Tag Archives: Human Rights

When Peter Singer was right: why we should give to the East Africa appeal

“As I write this, in November 1971, people are dying in East Bengal from lack of food, shelter, and medical care.  The suffering and death that are occurring there now are not inevitable, not unavoidable…”

“At the individual level, people have, with very few exceptions, not responded to the situation in any significant way.  Generally speaking, people have not given large sums to relief funds; they have not written to their parliamentary representatives demanding increased government assistance; they have not demonstrated in the streets, held symbolic fasts, or done anything else directed towards providing the refugees with the means to satisfy their essential needs.”

History repeating itself – a sad but true cliché.  As Britain is embroiled in a media scandal, thousands of people are slowly starving to death in East Africa, largely unnoticed.

Peter Singer has lost a few fans in the UK following the New College for Humanities scandal.   He did, however, write one of the most significant articles in contemporary political philosophy, “Famine, Affluence and Morality” .  His argument is worth re-stating here to remind us of why we should all be donating to the East African crisis appeal .

Singer begins with the assumption that “suffering and death from lack of food, shelter, and medical care are bad.”  He argues, “if it is in our power to prevent something bad from happening without thereby sacrificing anything of comparable moral importance, we ought, morally, to do it.”

This principle seems obvious, but in reality, it fundamentally challenges the way we live our lives in consumer societies.  To prevent something bad from happening without sacrificing anything of comparable moral importance, we would have to give up almost everything we own until the level of marginal utility; that is, until the level where we have the most basic standard of living necessary to survive.

Singer argues that this is morally correct.  He admits, however, that the demanding nature means that most people will not adopt such a principle.  He suggests instead that, “if it is in our power to prevent something very bad from happening without thereby sacrificing anything of comparable moral significance, we ought morally to do it.”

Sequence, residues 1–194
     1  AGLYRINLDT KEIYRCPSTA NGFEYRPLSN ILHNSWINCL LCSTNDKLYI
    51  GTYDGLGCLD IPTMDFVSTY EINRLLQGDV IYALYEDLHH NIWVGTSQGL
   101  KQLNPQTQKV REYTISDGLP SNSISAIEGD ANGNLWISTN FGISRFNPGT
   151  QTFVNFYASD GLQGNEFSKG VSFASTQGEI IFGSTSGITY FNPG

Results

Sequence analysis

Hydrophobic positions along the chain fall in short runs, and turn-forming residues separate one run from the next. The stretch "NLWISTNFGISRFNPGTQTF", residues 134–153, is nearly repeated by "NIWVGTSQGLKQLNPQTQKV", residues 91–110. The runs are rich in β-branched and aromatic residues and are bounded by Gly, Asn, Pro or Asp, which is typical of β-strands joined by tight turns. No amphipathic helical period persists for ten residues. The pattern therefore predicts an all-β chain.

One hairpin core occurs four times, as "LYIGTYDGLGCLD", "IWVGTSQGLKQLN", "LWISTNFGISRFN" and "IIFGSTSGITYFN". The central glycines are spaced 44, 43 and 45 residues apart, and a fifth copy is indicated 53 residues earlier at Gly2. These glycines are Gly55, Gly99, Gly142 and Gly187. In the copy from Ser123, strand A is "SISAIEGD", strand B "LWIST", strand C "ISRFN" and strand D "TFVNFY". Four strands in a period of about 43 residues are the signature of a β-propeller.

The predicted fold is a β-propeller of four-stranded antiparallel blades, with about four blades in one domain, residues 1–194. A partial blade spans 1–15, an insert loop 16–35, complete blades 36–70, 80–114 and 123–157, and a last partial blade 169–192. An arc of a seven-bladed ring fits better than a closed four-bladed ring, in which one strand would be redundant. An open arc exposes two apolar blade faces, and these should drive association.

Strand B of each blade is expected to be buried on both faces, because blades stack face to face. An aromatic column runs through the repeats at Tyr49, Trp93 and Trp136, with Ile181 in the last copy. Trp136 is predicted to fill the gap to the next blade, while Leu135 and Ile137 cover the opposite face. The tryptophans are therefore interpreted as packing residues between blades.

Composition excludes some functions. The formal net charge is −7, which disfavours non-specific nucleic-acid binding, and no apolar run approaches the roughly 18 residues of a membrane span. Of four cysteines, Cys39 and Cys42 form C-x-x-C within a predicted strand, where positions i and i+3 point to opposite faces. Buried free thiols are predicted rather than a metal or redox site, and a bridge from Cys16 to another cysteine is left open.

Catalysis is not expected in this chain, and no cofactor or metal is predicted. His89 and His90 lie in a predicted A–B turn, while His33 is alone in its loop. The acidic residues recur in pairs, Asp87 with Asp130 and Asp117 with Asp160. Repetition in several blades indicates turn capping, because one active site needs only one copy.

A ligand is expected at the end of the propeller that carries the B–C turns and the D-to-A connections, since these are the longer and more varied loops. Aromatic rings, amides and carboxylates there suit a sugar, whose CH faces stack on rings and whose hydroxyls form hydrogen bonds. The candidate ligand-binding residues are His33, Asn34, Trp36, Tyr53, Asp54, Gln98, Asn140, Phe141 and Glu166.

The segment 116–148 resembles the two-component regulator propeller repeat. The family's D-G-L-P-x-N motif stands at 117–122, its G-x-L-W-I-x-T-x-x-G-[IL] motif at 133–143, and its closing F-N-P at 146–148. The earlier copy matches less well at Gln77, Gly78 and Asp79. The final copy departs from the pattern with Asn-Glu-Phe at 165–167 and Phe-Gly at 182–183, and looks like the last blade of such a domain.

For example, if you walk past a shallow pond where a child is drowning, you ought to go into the pond and save the child.  All you are sacrificing are wet, muddy clothes and a loss of time; these are not as morally significant as the death of a child.

What does this mean for individuals in developed countries?  Singer suggests, it means not buying new clothes, or a new car, or whatever consumer item you feel you need, but giving that money to famine relief.  If what you already own is acceptable, owning these items is not of comparable moral significance to the death of an individual due to famine.  It would not be good of you to give that money to famine relief, it would not be an act of charity; it is a moral obligation.

If you can prevent something bad from happening (death through starvation) without sacrificing anything of comparable moral significance (clothes, booze, electronics), you ought morally to do it.

What’s wrong with this argument?  Well, it is an argument about individual morality.  We know that the causes of poverty and famine are structural.  So simply appealing to individual morality is inadequate.  We need to rethink and transform the political and economic structures that allow chronic poverty and famine to occur.  Individual morality, however, is a good place to start.

If you are still not convinced, let me suggest a further reason why you should donate.  Famine is not a natural disaster; it is man-made.  As the Nobel Prize-winning economist Amartya Sen pointed out three decades ago, there has never been a famine in a functioning democracy.  While the years of drought that have precipitated the crisis in East Africa are natural phenomena, the ability to cope with this is not.  A functioning government, which can fairly distribute food and resources, can prevent disaster.

Why doesn’t that exist in these countries?  Bad governance?  Partly, yes.  But also as a result of IMF policies that prevented them from developing viable public sectors.  In the 90s, the IMF demanded developing countries open their markets to foreign direct investment (FDI) if they wanted to keep receiving loans.

Foreign multinational corporations and governments have bought up the most fertile land in these countries, leaving wasteland for those who live there.  This neo-colonial land grab, designed to keep Western countries functioning at their current levels of consumption, has also gone largely unnoticed.